Death of a Queen

Source: District of Great Britain

Queen Elizabeth II 1926-2022. Requiescat in pace.

THe following letter was written by Cardinal Vaughan on the occasion of the death of Queen Victoria in 1901. It was read in all churches of the Westminster Diocese on the last Sunday of January 1901. In its recommendations to Catholic faithful, it is directly applicable to the sorrowful event of the death of Queen Elizabeth II on Thursday 8th September 2022.

Letter of Cardinal Vaughan read in the churches of the Diocese of Westminister

The death of Her Most Gracious Majesty, after a prosperous reign of over 63 years, throws the whole of the British Empire into grief and mourning. She had reigned more years than make up the lives of the majority of her subjects. She had become bound up with the national life, and even with the domestic sorrows of her people, as no other Sovereign during the last thousand years.

Her rich natural virtues exercised an influence under which vice lay abashed in her presence; and during her long life she was to her people a priceless example of moral virtue throughout the great periods of maidenhood, married life, and widowhood. To excellence in the domain of domestic and private life she united all those gifts and civic virtues that have endeared her to the Empire as the most perfect of Constitutional Sovereigns.

None will mourn more sincerely than Catholics the loss of “the Good Queen”. During her reign they have come into the enjoyment of a liberty which had been denied them for three centuries. She lived to see all their grievances, with a few exceptions, removed; and we may fairly took back upon the period of her sway as one filled with blessings to ourselves as a community, while, with whatever drawbacks and abatements, it has bees remarkable for the extension and prosperity of the Empire.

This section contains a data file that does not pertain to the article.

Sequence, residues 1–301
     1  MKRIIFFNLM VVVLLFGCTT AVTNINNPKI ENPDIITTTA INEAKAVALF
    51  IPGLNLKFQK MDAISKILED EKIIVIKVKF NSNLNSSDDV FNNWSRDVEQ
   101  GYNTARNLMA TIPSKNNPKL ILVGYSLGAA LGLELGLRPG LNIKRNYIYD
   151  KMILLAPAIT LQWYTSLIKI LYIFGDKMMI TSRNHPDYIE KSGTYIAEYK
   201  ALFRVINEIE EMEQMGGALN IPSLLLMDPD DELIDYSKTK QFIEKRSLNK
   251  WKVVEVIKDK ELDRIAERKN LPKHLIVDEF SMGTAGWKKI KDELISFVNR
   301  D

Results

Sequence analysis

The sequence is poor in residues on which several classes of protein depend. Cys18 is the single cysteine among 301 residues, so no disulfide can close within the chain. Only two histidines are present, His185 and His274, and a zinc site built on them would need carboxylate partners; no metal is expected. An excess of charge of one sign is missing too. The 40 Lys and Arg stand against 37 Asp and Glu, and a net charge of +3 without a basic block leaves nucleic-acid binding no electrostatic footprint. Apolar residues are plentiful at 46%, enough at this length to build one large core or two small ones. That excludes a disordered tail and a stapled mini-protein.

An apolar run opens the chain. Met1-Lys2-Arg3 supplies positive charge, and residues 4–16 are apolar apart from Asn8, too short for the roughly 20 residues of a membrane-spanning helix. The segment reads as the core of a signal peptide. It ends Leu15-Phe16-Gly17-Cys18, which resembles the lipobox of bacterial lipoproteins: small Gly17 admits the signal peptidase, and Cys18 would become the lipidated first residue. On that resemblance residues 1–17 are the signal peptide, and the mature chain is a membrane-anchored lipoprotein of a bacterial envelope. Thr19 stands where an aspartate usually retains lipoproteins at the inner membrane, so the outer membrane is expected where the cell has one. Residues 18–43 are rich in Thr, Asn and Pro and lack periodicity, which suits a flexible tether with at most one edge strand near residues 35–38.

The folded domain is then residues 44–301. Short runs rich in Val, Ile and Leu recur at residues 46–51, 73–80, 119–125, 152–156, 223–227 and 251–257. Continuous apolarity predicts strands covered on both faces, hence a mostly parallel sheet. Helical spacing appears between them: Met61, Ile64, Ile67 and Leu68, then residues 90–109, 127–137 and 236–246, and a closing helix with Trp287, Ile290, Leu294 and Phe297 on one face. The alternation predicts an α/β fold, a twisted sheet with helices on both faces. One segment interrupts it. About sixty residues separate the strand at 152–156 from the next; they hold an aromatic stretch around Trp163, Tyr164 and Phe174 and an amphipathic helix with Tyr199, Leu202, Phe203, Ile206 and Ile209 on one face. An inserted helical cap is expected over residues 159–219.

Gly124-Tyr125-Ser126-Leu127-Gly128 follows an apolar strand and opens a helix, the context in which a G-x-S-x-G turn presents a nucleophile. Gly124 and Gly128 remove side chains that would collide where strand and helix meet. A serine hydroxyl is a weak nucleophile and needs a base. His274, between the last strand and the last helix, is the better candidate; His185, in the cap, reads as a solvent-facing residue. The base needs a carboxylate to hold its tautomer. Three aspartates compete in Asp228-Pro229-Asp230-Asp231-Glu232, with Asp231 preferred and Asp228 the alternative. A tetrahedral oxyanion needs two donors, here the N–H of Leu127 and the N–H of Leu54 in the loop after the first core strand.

We have often, during her reign, prayed that God would bless her with Divine light and strength, and every grace needful for the discharge of her many and onerous duties. We have prayed that she might be visited by God’s goodness and blessed upon her bed of sickness. The Holy Father himself has been most assiduous is his inquiries and anxiety for the suffering state of the Queen, sending through us messages of condolence and prayers for her recovery. And now she has passed beyond the veil, leaving her people in tears because they will see her no more, consoling themselves in their sorrow with the rich and sweet memories of the past.

Of public religious services for the dead the Catholic Church knows of none but such as she has instituted for the souls of her own children. For them the Requiem Mass, the Solemn Absolution, and the Catholic Funeral Office, form the only Memorial Service for the dead in her liturgy.

No one would feel it to be right that, in our grief, we should so far forget ourselves or the proprieties due to her deceased Majesty and to the official position she filled, as even to appear to claim her as member of our Church, which we should be doing were we to perform in her behalf religious rites that are exclusively applicable to deceased Catholics. Of other rites for the dead the Church has none.

At the same time we may remind you that it is lawful to those who believe that any persons have departed out of this life in union with the Soul of the Church, though not in her external communion, to offer privately prayers and good works for their release from purgatory. The Church herself forms no judgment on the matter which must remain the secret between God and the individual soul.

What then can we do? Everywhere a deep sentiment of loyalty and patriotism is swelling within the heart of the Catholic community in England, and seeking for some outward expression. Gladly and eagerly shall we join in the purely civil and social mourning, as in the civil honours that will be generously offered by the nation to the memory of such a Queen. Where there are church bells they will be tolled in sign of mourning, and the national flag may be run up half-mast, either within or without the precincts of our churches. We fully and acutely share in the national sorrow and the anxiety inseparable from such a period. We trust and pray that the noble traditions established by the Mother will be carried on and perfected by her Son. The attachment of Catholics to the Throne and the Dynasty are beyond suspicion.

We proceed, then, to prescribe, in order that the Divine blessing may rest upon the successor to the Throne, upon the nation, and upon ourselves, the recitation, in the Mass, of the collect , "Deus, Refugium nostrum” until further  notice, tamquam pro re gravi.

Cardinal Herbert Vaughan 1832-1903